When it comes to shouldering the costs of pregnancy, biological fathers in Utah will now be required to share the burden with their pregnant partners. A bill that recently passed in Utah seeks to increase responsibility for men who have children by requiring fathers to pay half of a woman's out-of-pocket pregnancy costs.

The bill's sponsor, Republican state Representative Brady Brammer, presented the measure in order to decrease the burden of pregnancy on pregnant persons. Utah is the first state to mandate prenatal child support, though states like Wisconsin and New York have legal provisions in place that result in a father being financially responsible for his partner's pre-birth experience.

Though lessening the financial burden for pregnant people is important, the bill has drawn some criticism for not helping more vulnerable pregnant people. Critics also argue that the bill could also make abusive situations more dangerous for those who are pregnant. According to the American College of Obstetrics and Gynecology, approximately 324,000 pregnant people are abused each year in the U.S.

The bill has many people advocating for improving pregnancy-related healthcare overall, by making it affordable and easy to access so those who are pregnant wouldn't be reliant on such a measure for assistance. Expanding Medicaid, access to contraception and providing paid parental leave, for example, are also ways the government can help expecting parents.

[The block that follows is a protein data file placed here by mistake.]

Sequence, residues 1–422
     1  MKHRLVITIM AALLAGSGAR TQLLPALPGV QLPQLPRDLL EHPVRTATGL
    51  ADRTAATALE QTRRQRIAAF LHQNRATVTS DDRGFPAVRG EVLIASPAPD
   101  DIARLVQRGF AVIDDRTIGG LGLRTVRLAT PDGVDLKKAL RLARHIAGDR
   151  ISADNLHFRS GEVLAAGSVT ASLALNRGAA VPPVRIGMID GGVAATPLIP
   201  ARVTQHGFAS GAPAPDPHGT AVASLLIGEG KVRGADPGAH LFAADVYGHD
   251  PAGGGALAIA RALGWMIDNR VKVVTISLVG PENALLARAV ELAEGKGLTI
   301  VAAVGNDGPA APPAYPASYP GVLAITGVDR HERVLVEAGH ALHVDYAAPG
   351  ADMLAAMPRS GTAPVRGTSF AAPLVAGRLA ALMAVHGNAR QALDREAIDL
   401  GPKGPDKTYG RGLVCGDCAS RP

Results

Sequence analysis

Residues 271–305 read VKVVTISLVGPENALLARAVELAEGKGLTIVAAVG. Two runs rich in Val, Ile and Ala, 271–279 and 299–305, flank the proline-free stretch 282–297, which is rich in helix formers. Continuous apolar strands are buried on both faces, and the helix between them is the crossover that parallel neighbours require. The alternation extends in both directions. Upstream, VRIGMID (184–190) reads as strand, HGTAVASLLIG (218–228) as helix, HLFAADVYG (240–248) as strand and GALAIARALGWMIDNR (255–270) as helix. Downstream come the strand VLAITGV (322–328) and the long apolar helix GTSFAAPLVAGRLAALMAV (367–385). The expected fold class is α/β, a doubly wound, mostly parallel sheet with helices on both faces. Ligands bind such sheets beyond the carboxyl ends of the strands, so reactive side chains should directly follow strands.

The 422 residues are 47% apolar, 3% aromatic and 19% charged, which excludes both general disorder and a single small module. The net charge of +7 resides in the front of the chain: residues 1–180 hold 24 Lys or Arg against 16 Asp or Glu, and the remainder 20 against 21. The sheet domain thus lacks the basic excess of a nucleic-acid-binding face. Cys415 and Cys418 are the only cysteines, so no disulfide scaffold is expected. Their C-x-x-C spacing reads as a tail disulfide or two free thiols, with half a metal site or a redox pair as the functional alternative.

Utah Gov. Spencer Cox recently signed the proposal. Rep. Brammer said he decided to sponsor the measure with the intent to make it easier to bring new life into the world.

"We want to help people and actually be pro-life in how we do it as opposed to anti-abortion," Brammer said. "One of the ways to help with that was to help the burden of pregnancy be decreased."

The bill would apply to a pregnant woman's health insurance premiums and any pregnancy-related medical costs. It also stipulates that if the paternity of the child is disputed, fathers won't be required to pay until after paternity is determined. If a pregnant person chooses to get an abortion, the bill states that fathers won't be responsible for the cost of the procedure if it was acquired without his consent—unless the abortion is considered to be life-saving, or if the pregnancy was the result of rape.

The U.S. Department of Agriculture reports that the average cost of raising a child is $233,610, excluding the cost of college, for a middle-income family. The cost of an abortion can range from $0-$1,000 depending on health insurance and a person's location, according to Planned Parenthood.

Gabriella Archuleta, a public policy analyst with YWCA Utah, told NBC News that domestic abuse tends to escalate during pregnancy, and prenatal child support could increase stressors about financially supporting a baby. Pregnant people in Utah already have the option to seen financial support toward pregnancy and birth-related expenses, but very few actually end up doing so because of the cost of legal services.

"On the surface of it, it sounds like a good idea," Archuleta said. "But what we're here to do is look at some of the nuances and how it impacts women, and I don't think those nuances were really explored to the extent that they should have been.